Security in Egypt's Sinai Peninsula has deteriorated precipitously since the fall of President Hosni Mubarak one year ago, with criminal gangs targeting tourists and security forces and jihadist groups becoming increasingly active.
The decline has accelerated in recent weeks. On Saturday, Egyptian security forces in the northern Sinai seized anti-aircraft missiles and TNT said to be bound for Gaza. The seizure came one day after three South Korean tourists were kidnapped. Egyptian officials said the South Koreans were released after negotiations with a village leader who had been jailed for weapon and drug offenses but escaped during the revolution that toppled Mubarak last February.
On Thursday, Bedouins reportedly kidnapped 17 Egyptian border guards in an apparent effort to free a fellow tribesman held for an illegal attempt to enter Israel.
On Feb. 3, masked gunmen kidnapped two American tourists from a bus bound for Sharm el-Sheikh and robbed other passengers of their valuables.
The kidnapping occurred three days after Bedouin tribesmen kidnapped 25 workers, most of them Chinese, as they traveled to a Sinai cement plant. The Bedouins have demanded the Egyptian government release their members of their tribe who were jailed in connection with a coordinated series of October 2004 bombings that killed more than 30 people at Sinai resorts.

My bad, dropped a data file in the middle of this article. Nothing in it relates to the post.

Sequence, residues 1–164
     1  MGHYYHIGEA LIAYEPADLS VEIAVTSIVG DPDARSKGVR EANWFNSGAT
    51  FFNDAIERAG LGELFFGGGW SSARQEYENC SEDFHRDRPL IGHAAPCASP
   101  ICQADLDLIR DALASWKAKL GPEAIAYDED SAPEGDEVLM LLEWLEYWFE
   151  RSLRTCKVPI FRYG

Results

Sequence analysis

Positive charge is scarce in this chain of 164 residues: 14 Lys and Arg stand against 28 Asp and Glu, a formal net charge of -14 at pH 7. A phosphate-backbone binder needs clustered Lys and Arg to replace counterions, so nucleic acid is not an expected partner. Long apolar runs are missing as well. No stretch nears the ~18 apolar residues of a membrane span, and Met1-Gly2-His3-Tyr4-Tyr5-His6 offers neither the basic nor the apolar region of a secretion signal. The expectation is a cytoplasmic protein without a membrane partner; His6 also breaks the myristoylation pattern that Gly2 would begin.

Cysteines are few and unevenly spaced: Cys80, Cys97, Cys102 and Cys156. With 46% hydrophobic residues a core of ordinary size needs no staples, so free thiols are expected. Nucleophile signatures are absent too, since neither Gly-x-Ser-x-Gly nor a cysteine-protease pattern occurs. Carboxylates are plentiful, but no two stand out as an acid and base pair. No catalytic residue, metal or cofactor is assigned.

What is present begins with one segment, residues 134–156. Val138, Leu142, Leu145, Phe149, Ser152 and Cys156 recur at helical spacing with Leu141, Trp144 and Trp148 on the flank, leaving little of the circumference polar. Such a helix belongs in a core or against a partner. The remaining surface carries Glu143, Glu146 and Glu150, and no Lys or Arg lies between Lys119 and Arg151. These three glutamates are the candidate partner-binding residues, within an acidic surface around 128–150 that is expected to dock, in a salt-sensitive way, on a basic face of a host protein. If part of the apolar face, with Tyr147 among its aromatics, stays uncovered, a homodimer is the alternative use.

Last week, saboteurs blew up a pipeline near El Arish which supplies gas to Israel and Jordan, causing a suspension of gas deliveries. It was the 12th attack on the pipeline in the past year. Al-Qaida leader Ayman Zawahiri has praised the pipeline attacks and congratulated the jihadists responsible.
The growing anarchy in Sinai and more generally in Egypt poses a security danger to Israel. Writing in the National Interest, Bruce Riedel observes that many of those who have broken out of Egyptian jails during the past year have been supporters of Zawahiri and individuals who carried out a series of attacks on Sinai tourist hotels in 2005-06 in which more than 100 people died.
"For Israel, the chaos in the Sinai means the Israel Defense Forces (IDF)and intelligence community must reorient scarce resources to the South," Riedel writes. "Even a relatively small number of terrorists hiding in the remote mountains of the central Sinai would be a dangerous threat to the stability of the region. They could target the pipeline, the border, tourists at Sharm el-Shaykh and even American troops" charged with monitoring the Sinai peace accord.